MOSCOW, JAN. 27 -- An unprecedented meeting between official Soviet and western human rights monitoring groups nearly broke down today when a former Soviet political prisoner, now a human rights activist here, attempted to speak as a member of the western delegation.

After a 30-minute dispute between members of the visiting International Helsinki Federation and the Soviet human rights coalition, the activist, Lev Timofeyev, was allowed to address the meeting.

Timofeyev, pardoned from a two-year prison term a year ago, used his appearance to call for the release of 200 political prisoners in the Soviet Union. An economist by training, Timofeyev was tried and jailed in 1985 for anti-Soviet activities after he published articles abroad that were harshly critical of the Soviet economy.

"We feel that priority should be given to gaining a common concept of certain well-known words, such as freedom, rights and love, which at present have widely differing interpretations," Timofeyev also said.

Timofeyev is head of Press Club Glasnost, an unofficial human rights advocacy group composed of Soviet citizens. The organization, founded several months ago with the easing of official controls on such groups, became part of the International Helsinki Federation this week.

Fyodor Burlatsky, who heads the official Soviet Human Rights Commission and chaired today's session, originally objected to Timofeyev's appearance at the meeting, saying that the official Soviet delegates were not familiar with him or his organization. "We do not consider this the appropriate time or place to get acquainted with the Press Club Glasnost," Burlatsky said.

Today's meeting illustrates how even in times of glasnost, or openness, sparks fly whenever Soviet officials face off against their western counterparts on the issue of human rights.

In this case, the difference was over whether Soviet officials like the members of the human rights commission recognize unofficial Soviet human rights activists and their positions.

The Vienna-based International Helsinki Federation, composed of representatives from 13 countries, including the United States, is charged with coordinating the work of various groups monitoring adherence to the 1975 Helsinki human rights accords. The federation has been held in disfavor by Kremlin officials, and several of its representatives have been barred from entering the Soviet Union in recent years.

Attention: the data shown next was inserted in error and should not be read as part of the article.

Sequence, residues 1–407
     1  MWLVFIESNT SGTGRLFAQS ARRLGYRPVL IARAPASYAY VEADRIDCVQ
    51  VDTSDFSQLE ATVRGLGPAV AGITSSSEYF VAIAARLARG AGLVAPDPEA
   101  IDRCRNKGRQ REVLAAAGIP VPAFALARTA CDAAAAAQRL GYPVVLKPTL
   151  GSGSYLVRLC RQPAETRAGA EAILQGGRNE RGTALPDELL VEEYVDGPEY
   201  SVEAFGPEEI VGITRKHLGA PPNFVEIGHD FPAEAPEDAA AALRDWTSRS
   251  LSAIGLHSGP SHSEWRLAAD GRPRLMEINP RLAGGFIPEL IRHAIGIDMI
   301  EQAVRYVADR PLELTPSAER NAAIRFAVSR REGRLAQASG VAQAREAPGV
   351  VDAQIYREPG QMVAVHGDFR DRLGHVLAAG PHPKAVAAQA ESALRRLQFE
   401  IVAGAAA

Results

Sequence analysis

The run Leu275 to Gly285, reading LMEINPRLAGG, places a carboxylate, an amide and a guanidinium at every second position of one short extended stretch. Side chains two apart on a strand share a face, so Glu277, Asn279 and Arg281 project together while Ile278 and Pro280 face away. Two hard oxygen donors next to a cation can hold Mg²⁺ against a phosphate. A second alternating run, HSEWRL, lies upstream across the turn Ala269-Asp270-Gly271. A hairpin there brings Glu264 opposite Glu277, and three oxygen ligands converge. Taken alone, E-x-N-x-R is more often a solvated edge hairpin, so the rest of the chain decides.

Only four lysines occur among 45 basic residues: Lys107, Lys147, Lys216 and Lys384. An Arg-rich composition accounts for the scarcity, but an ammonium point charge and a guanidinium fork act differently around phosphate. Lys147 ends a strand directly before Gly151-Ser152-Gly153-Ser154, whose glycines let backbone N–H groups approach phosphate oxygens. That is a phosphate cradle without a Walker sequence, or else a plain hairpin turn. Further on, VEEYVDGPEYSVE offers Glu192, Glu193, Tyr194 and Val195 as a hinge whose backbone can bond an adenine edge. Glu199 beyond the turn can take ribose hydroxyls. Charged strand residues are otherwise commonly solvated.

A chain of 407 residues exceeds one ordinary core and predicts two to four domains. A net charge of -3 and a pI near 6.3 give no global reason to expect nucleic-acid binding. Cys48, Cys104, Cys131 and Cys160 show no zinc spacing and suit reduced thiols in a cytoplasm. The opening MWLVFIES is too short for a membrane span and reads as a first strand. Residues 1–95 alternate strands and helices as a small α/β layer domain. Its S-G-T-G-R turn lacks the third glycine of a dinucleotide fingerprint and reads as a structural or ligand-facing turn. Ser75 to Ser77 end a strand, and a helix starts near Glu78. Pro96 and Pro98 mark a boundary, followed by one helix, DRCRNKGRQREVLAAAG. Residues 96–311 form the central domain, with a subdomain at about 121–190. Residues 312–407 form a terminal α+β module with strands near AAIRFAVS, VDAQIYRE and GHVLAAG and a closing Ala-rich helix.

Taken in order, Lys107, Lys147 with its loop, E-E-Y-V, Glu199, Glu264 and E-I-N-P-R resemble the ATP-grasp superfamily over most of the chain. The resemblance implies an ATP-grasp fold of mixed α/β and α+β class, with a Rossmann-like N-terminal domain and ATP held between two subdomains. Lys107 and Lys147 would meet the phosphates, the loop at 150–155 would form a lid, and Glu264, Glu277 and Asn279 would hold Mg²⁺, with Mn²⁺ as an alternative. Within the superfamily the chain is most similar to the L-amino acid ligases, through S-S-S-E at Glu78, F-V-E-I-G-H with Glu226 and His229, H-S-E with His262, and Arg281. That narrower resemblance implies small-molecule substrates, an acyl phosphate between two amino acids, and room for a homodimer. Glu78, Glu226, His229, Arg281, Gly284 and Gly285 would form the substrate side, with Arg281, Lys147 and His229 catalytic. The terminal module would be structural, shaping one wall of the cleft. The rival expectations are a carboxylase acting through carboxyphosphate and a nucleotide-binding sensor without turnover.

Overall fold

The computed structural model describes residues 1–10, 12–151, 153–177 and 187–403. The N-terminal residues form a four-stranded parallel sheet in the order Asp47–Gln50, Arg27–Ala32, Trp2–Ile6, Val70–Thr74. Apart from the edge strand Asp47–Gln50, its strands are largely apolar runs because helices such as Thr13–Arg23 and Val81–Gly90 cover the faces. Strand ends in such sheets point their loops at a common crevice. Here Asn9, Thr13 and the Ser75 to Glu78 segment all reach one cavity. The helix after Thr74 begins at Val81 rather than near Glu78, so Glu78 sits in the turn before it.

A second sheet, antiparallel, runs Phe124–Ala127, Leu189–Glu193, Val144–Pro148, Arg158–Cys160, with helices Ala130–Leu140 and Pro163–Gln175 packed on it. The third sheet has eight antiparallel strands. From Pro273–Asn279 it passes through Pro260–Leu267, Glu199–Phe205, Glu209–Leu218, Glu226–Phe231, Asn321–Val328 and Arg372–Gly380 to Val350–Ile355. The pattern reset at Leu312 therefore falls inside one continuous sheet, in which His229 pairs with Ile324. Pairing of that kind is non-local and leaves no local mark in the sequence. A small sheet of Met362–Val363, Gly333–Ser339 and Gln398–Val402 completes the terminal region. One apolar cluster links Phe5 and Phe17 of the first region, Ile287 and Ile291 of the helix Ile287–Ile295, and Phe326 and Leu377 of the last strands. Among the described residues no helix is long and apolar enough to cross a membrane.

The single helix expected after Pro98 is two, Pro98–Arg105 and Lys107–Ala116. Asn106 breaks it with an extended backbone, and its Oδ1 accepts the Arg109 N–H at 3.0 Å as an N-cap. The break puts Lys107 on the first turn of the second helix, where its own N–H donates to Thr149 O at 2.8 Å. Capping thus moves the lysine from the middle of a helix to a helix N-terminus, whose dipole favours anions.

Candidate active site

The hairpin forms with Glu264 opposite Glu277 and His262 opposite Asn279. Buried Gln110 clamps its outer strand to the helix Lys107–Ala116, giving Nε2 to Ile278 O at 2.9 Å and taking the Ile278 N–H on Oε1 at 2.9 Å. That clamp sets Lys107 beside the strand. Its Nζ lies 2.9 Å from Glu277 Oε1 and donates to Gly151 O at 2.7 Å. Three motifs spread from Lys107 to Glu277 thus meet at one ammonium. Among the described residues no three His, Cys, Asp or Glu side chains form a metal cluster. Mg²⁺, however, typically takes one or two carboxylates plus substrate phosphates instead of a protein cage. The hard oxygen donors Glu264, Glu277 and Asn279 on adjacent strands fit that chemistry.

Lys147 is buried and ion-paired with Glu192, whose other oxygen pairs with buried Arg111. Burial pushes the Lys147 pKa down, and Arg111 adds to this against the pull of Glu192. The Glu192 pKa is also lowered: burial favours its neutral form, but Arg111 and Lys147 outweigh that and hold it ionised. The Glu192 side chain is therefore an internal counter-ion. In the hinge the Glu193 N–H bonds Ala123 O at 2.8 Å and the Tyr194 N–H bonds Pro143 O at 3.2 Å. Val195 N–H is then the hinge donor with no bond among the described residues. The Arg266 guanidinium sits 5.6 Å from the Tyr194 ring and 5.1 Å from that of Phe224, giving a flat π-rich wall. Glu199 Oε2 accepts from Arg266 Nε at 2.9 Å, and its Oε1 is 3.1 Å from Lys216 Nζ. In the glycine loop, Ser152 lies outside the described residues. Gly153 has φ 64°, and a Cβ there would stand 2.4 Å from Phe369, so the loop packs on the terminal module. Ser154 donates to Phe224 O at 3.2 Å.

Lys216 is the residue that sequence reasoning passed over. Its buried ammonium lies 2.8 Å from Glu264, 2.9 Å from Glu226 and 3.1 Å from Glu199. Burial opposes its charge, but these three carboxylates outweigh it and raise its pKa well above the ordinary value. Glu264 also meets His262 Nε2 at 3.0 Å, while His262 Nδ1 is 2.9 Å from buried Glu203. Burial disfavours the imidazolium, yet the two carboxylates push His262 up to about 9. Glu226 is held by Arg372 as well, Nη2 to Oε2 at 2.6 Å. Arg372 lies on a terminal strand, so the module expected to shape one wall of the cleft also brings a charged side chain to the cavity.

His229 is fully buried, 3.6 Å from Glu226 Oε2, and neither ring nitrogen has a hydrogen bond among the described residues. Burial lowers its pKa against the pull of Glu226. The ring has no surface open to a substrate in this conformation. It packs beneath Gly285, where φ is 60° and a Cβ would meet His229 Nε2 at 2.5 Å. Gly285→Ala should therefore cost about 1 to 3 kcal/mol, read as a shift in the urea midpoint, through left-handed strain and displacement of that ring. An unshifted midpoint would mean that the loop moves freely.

The unprecedented invitation to the Helsinki federation to visit Moscow, the latest in a series of overtures the Kremlin has made to western human rights activists, is viewed here as part of a Soviet bid to host an international human rights conference in Moscow.

If today's meeting was a trial run of the conference, however, Soviet and western human rights monitors seem to disagree about the purposes such a conference would serve.

Many Soviet officials oppose the participation of unofficial Soviet groups in discussions about Soviet human rights, for instance, while western organizations favor their input. Although about 50 Soviet dissidents attended today's meeting, including members of the banned Hare Krishna movement, they were asked by Soviet officials to observe and not to take part.

"It's a question of power," Timofeyev said in an interview tonight. "In all areas of Soviet life, including human rights, one group has a monopoly. They are loath to give up that monopoly."

Andrei Sakharov, a physicist who is one of the founders of the Soviet human rights movement, proposed at a dinner here tonight that the International Helsinki Federation pose two preconditions for holding a human rights conference in Moscow. Sakharov said that it should demand an end to the eight-year-old Afghanistan war and the release of all prisoners of conscience from Soviet jails.